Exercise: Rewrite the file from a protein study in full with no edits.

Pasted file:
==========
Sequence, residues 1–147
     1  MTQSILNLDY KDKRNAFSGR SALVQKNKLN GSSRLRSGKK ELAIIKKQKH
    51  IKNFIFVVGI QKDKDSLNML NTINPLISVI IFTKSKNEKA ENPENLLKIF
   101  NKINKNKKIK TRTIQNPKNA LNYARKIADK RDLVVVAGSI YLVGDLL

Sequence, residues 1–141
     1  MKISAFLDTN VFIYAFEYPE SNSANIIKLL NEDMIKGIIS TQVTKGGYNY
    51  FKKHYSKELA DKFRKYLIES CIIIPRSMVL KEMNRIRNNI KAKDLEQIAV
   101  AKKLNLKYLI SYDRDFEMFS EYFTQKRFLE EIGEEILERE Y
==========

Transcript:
Sequence, residues 1–147
     1  MTQSILNLDY KDKRNAFSGR SALVQKNKLN GSSRLRSGKK ELAIIKKQKH
    51  IKNFIFVVGI QKDKDSLNML NTINPLISVI IFTKSKNEKA ENPENLLKIF
   101  NKINKNKKIK TRTIQNPKNA LNYARKIADK RDLVVVAGSI YLVGDLL

Sequence, residues 1–141
     1  MKISAFLDTN VFIYAFEYPE SNSANIIKLL NEDMIKGIIS TQVTKGGYNY
    51  FKKHYSKELA DKFRKYLIES CIIIPRSMVL KEMNRIRNNI KAKDLEQIAV
   101  AKKLNLKYLI SYDRDFEMFS EYFTQKRFLE EIGEEILERE Y